Comparison of elastic versus nonelastic compression in bilateral venous ulcers: A randomized trial

Sonja R. Blecken, Juan Leonel Villavicencio*, Tzu C. Kao

*Corresponding author for this work

Research output: Contribution to journalArticlepeer-review

67 Scopus citations

Abstract

Background: There is controversy regarding the effectiveness of elastic vs nonelastic compression in the healing of venous leg ulcers. To gain insight into this controversy, we randomly compared a four-layer elastic bandage with a nonelastic garment (CircAid) in patients with venous leg ulcers. Methods: Twenty-four extremities of 12 patients with bilateral leg ulcers were randomized to have a four-layer elastic bandage in 1 extremity and a nonelastic compression garment CircAid in the contralateral limb. The CEAP classification in 22 extremities was C6 S; ES; AD6,14,15,P18; PR; 1 extremity in 2 patients was C6 S; ES; AD 6,14,15,P18; PRO. There were seven men and five women. Age ranged from 45 to 82 years, with a mean of 61 years. All patients had postthrombotic leg ulcers diagnosed clinically by duplex ultrasonography (n = 8) or by phlebography (n = 4). Every 4 weeks, patients had the ulcer area measured in square centimeters by a computerized scanning method and had the limb girth measured in centimeters at the foot, ankle, and calf. The ankle-brachial index was determined in all cases. Color photographs of the ulcer areas were taken monthly to assess healing progress. All patients were compliant. Results were assessed at 12 weeks. A patient satisfaction sheet was filled out by the patient, who circled one of the following scores: 3, very satisfied; 2, moderately satisfied; and 1, not satisfied. Cox proportional hazards models or paired t tests were used for comparison. Results: The 24 limbs were randomized and divided into 2 groups of 12 each. Group A received CircAid, and group B, a four-layer elastic bandage. Duplex scanning showed a pattern of reflux in 11 limbs of each group. One limb in each group had a pattern of obstruction documented by air plethysmography (n = 2). Phlebography demonstrated the anatomic site in both limbs. The initial ulcer area in group A was 48.98 ± 14.13 cm2 and was 50.08 ± 18.30 cm2 in group B (P = .9285). The ulcer healing rate was significantly faster in group A compared with group B (hazard ratio, 0.56; 95% confidence interval, 0.33-0.96; P = .0173). Ulcers with hemodynamic obstruction had a protracted course when compared with the contralateral limbs with reflux. There was no significant difference in girth reduction between groups A and B (hazard ratio, 2.36; 95% confidence interval, 0.30-18.52; P = .3580). The ankle-brachial index was normal (≥1.0) in all patients. Conclusions: In compliant patients, venous leg ulcers randomized to nonelastic compression had a significantly faster healing rate per week than ulcers treated by the conventional four-layer compression system.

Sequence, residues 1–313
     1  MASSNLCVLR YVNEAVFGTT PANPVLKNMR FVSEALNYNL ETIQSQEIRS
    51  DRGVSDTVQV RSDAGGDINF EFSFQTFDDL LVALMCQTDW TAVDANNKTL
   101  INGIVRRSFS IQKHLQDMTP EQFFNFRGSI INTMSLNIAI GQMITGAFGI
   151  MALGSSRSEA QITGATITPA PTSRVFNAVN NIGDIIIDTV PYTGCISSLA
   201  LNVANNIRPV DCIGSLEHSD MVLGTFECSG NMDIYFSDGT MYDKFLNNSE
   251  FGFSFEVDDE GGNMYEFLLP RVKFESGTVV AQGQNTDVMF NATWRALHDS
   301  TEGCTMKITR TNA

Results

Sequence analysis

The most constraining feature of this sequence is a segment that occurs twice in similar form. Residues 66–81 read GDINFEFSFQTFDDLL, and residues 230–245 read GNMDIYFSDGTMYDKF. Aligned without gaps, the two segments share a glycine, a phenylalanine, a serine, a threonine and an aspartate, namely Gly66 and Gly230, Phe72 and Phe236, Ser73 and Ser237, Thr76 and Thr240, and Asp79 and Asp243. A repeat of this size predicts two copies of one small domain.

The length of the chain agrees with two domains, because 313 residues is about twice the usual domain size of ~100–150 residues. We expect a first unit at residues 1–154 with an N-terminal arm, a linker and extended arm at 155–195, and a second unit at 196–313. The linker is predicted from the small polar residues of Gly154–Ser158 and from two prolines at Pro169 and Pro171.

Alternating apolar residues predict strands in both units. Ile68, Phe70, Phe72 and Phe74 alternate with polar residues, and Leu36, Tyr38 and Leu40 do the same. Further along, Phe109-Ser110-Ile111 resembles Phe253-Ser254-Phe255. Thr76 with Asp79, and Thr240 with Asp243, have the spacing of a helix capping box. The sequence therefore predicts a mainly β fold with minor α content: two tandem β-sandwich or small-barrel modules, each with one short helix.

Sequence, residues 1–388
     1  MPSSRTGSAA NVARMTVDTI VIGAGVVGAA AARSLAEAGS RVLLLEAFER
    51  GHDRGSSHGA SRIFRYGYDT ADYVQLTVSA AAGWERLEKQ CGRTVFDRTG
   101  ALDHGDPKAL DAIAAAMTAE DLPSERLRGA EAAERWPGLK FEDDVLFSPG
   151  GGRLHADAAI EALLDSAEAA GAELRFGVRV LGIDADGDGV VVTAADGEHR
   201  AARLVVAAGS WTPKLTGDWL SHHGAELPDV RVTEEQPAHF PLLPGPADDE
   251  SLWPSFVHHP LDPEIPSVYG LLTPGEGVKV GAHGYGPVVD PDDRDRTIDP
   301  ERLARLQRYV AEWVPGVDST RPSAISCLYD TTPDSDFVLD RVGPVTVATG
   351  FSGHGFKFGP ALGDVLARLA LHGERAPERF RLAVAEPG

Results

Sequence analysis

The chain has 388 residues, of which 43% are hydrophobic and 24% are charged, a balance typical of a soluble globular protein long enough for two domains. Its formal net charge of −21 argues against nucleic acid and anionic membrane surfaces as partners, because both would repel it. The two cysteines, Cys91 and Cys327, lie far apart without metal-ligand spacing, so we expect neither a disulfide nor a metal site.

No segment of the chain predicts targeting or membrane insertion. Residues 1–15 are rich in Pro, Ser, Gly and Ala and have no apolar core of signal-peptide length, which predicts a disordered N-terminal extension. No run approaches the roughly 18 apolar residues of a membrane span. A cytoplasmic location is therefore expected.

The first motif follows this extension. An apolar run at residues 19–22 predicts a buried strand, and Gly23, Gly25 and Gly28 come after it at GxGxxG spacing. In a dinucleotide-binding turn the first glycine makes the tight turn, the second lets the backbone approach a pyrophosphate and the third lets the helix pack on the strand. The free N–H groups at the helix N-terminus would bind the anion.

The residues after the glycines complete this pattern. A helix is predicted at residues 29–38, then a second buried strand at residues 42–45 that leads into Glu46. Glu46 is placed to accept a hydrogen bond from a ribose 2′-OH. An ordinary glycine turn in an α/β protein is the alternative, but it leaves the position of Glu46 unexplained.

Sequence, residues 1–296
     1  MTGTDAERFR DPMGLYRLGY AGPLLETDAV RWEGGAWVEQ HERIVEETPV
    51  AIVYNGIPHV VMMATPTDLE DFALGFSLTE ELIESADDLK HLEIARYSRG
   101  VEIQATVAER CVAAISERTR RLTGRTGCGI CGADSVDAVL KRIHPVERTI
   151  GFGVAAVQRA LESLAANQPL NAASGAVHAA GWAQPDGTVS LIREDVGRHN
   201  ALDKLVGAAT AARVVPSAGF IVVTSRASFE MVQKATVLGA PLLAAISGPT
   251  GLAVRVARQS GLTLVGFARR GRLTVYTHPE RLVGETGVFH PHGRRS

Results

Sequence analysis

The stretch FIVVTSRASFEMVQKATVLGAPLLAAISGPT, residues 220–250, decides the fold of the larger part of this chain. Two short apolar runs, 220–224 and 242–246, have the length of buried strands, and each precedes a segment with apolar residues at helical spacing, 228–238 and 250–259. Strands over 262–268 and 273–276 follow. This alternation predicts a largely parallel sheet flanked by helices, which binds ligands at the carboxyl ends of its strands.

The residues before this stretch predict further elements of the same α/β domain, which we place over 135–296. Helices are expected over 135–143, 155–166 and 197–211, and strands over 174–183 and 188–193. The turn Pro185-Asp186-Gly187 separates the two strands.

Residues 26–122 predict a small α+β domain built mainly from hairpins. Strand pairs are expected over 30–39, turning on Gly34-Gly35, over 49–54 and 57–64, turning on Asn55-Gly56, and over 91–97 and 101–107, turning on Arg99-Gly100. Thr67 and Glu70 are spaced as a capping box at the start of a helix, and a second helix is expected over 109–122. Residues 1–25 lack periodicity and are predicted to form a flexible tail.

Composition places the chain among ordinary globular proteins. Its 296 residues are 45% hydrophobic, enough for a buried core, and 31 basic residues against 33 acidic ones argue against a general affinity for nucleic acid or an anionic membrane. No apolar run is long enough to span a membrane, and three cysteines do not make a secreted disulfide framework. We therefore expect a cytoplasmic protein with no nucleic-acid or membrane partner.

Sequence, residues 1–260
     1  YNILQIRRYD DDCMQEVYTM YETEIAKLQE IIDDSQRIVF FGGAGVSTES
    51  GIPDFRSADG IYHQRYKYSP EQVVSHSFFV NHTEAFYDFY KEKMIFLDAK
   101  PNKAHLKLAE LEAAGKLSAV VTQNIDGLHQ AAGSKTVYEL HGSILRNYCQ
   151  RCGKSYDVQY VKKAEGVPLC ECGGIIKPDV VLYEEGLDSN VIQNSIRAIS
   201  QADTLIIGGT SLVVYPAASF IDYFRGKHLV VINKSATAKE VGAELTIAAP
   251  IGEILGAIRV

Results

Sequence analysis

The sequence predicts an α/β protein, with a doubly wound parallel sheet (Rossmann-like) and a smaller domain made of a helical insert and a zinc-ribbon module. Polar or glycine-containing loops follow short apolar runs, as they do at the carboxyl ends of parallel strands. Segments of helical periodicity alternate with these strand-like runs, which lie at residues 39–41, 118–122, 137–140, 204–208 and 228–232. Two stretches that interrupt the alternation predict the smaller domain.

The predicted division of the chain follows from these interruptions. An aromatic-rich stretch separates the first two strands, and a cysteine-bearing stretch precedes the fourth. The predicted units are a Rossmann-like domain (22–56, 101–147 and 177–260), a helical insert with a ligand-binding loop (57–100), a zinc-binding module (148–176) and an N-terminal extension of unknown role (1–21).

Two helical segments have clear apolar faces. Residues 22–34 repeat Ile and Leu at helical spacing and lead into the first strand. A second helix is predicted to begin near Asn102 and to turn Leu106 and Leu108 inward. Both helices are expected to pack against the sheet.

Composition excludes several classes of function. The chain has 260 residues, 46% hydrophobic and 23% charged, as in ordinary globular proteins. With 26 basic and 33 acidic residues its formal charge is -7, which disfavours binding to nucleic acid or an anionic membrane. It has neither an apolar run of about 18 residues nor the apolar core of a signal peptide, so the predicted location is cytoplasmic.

Original languageEnglish
Pages (from-to)1150-1155
Number of pages6
JournalJournal of Vascular Surgery
Volume42
Issue number6
DOIs
StatePublished - Dec 2005
Externally publishedYes

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